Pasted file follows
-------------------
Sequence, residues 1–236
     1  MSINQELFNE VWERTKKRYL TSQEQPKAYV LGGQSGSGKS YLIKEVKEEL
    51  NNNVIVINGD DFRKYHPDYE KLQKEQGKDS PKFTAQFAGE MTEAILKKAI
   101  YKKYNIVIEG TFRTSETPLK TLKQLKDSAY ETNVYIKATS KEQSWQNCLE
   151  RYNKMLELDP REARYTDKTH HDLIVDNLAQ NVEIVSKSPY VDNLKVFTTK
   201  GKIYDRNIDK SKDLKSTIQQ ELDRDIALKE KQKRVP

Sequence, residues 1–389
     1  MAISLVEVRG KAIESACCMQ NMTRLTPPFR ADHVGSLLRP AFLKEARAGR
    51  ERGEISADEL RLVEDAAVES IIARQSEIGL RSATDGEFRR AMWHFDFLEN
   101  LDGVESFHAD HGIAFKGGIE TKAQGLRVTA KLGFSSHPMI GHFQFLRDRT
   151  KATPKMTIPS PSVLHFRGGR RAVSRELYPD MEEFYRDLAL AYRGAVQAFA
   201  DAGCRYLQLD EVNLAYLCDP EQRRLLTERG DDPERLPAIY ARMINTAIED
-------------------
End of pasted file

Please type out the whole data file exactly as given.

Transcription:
Sequence, residues 1–236
     1  MSINQELFNE VWERTKKRYL TSQEQPKAYV LGGQSGSGKS YLIKEVKEEL
    51  NNNVIVINGD DFRKYHPDYE KLQKEQGKDS PKFTAQFAGE MTEAILKKAI
   101  YKKYNIVIEG TFRTSETPLK TLKQLKDSAY ETNVYIKATS KEQSWQNCLE
   151  RYNKMLELDP REARYTDKTH HDLIVDNLAQ NVEIVSKSPY VDNLKVFTTK
   201  GKIYDRNIDK SKDLKSTIQQ ELDRDIALKE KQKRVP

Sequence, residues 1–389
     1  MAISLVEVRG KAIESACCMQ NMTRLTPPFR ADHVGSLLRP AFLKEARAGR
    51  ERGEISADEL RLVEDAAVES IIARQSEIGL RSATDGEFRR AMWHFDFLEN
   101  LDGVESFHAD HGIAFKGGIE TKAQGLRVTA KLGFSSHPMI GHFQFLRDRT
   151  KATPKMTIPS PSVLHFRGGR RAVSRELYPD MEEFYRDLAL AYRGAVQAFA
   201  DAGCRYLQLD EVNLAYLCDP EQRRLLTERG DDPERLPAIY ARMINTAIED